How is Emerging Technology Changing Transportation Data?

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Do you remember toll roads twenty years ago? They were all manned by people, and everyone knew to keep a large stash of coins on hand so they could quickly continue on their drive. Then, slowly, half had people and the other half had automatic coin readers that, when you threw in the right amount of change, would automatically raise the bar. Eventually, even that system changed to a mix of coin-only and toll tag lanes until finally we're left with a national grid of interstates and highways that will either read your tag or bill you later. The roads are faster, and the automation is more frequent, and this system will continue to grow to semi-trailers, trains, and any interstate drone systems that might come about. And while your toll tag may only passively have joined the Internet of Things, automation and integration of all of the objects related to transportation are well on their way.

The roads are faster, and the automation is more frequent, and this system will continue to grow to semi-trailers, trains, and any interstate drone systems that might come about. And while your toll tag may only passively have joined the Internet of Things, automation and integration of all of the objects related to transportation are well on their way.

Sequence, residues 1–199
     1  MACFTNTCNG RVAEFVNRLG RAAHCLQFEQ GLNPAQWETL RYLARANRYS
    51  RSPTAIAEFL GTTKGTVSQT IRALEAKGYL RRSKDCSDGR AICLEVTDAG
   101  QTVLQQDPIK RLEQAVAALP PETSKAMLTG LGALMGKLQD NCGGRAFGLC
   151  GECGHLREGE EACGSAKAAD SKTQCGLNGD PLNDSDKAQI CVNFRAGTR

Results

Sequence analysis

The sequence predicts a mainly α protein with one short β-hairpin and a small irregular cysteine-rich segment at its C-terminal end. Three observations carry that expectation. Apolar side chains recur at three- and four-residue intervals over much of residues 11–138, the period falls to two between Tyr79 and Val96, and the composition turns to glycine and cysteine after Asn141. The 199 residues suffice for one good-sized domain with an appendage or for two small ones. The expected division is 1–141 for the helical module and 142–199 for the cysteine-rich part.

Service vehicles, such as fast food delivery cars, maid service trucks, and electricians' or concrete trucks are increasingly being tagged with technology that helps corporate centers monitor distance traveled, the best epicenters for franchises, and areas of higher or lower demand. On a large scale, this information is giving companies the data to recreate better policies and to focus their marketing or attention on profitable areas. Far from the individual oversight RFIs and GPS devices threatened years ago, the aggregate data they collect is instead driving systemic change. No matter what industry or scale your company provides logistics and transportation for, this data is becoming more and more necessary to offer efficient service, to cut costs, and to better answer demand. Start creating amendments to your business plan that take trends such as RFI usage, the growing popularity of passive monitoring devices and scanners that can remotely check stock quantity and conditions, and other new facets of the Internet of Things. 

John Albright

Written by John Albright

Senior Ops. Manager at RBW Logistics

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